Harvard psychologists Matthew A. Killingsworth and Daniel T.Gilbert recently published findings in the journal Science relating to their research of mind wandering. Killingsworth developed an iphone app that kept in touch with over 2,000 volunteers about their current activity, and whether they were thinking about their current activity or about something else that was neutral, pleasant or unpleasant. On average, the volunteers reported that their minds wandered 46.9 percent of the time. “Mind-wandering appears ubiquitous across all activities. This study shows that our mental lives are pervaded, to a remarkable degree, by the non present,” said Killingsworth.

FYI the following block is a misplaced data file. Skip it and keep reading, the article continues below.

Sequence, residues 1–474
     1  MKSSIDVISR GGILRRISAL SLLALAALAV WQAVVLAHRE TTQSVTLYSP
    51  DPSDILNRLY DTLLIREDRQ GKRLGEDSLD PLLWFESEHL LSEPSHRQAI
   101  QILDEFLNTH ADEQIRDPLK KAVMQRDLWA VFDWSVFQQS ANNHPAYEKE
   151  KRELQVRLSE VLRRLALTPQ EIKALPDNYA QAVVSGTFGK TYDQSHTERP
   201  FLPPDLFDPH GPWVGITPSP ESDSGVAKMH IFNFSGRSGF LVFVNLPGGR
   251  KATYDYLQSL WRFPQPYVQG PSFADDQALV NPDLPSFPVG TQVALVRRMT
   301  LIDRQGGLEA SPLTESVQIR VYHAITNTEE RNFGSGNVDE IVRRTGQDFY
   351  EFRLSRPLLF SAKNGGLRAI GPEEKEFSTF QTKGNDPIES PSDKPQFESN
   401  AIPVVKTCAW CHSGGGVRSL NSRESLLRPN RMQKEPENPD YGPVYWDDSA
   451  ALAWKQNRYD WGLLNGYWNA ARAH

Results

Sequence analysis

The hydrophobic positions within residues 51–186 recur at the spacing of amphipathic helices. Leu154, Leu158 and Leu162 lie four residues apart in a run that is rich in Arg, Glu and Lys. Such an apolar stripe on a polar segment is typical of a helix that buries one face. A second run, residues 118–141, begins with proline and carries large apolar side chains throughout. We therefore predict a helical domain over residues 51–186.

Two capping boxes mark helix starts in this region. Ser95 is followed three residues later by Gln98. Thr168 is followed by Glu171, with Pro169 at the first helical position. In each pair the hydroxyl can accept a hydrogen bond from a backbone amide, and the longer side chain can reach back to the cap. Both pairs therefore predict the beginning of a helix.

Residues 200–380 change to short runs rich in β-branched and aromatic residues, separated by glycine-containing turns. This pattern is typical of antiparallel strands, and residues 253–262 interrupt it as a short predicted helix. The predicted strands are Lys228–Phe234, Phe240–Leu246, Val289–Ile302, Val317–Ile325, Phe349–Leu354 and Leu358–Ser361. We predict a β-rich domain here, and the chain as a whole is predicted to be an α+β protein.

In fact, it seems that humans spend lots of time thinking about things other than what is happening around them – reflecting on events from the past, or situations that might occur in the future. Killingsworth added, “mind-wandering is an excellent predictor of people’s happiness. In fact, how often our minds leave the present and where they tend to go is a better predictor of our happiness than the activities in which we are engaged.” The subjects ranged in age from 18 to 88, representing a range of socioeconomic backgrounds and occupations. The article noted that many philosophical and religious traditions teach that happiness comes from living in the moment – and the aspiration to “be here and now.” Harvard Gazette 12/2/12